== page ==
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If so much change occurs through word of mouth, how do we evaluate it?

There is general agreement that word of mouth marketing is a critical element of changing behaviour. Whether it is a family member, colleague, neighbour, or friend, we are more likely to take on the advice and behaviours that are modelled by those we trust. This is the basis of effective communication (think also of the 6 degrees of separation experiment). Mark Earls, the author of Herd: how to change mass behaviour by harnessing our true nature provides great examples of how social networks are key to changing mass behaviour.

Mark recently posted a blog about how important it is to understand social networks.

Mark notes: Social networks are not channels for advertisers or for the adverts/memes you, your clients or any of your so-called “influentials” create, social networks are for all of the people who participate in the network.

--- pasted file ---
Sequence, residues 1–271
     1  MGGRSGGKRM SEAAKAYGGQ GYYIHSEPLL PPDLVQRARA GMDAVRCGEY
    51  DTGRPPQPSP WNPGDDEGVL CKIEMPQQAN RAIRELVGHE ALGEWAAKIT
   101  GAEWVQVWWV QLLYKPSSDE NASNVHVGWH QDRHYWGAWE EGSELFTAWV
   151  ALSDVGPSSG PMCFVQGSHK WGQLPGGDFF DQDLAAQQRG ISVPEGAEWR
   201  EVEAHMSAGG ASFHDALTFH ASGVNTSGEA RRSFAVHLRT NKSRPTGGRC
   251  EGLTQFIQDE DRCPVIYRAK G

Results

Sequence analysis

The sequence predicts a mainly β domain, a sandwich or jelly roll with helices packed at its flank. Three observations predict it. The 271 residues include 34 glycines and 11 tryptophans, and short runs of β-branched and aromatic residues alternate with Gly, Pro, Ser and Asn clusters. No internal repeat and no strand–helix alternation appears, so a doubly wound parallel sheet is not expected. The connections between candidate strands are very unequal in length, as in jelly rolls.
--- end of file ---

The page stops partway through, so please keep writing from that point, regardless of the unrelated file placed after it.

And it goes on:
So if word of mouth is an element of your behaviour change program (as it should be), how can you track its spread, and find out whom the key people are in networks? Well, social network analysis is one way! So what is a social network analysis?

Andrew Rixon, from Babelfish Group, notes in an e-booklet on enhancing collaboration that Social Network Analysis is the technique of analysing roles and social networks…. The outcomes of social network analysis provides surprising and insightful results allowing structure(s) to become visible and discussable.

Making such networks visible should surely be one of the goals of  evaluation. In this way, for those who have read Gladwell’s Tipping Point, you can find out who the mavens, connectors and salesmen are.

Interested in finding out more on Social Network Analysis?

Andrew Rixon will be holding a post-conference workshop on this very topic, so check out the program of post conference workshops and register online.

| April 13th, 2010 | Posted in Behaviour Change, complexity, Evaluation, Uncategorized |

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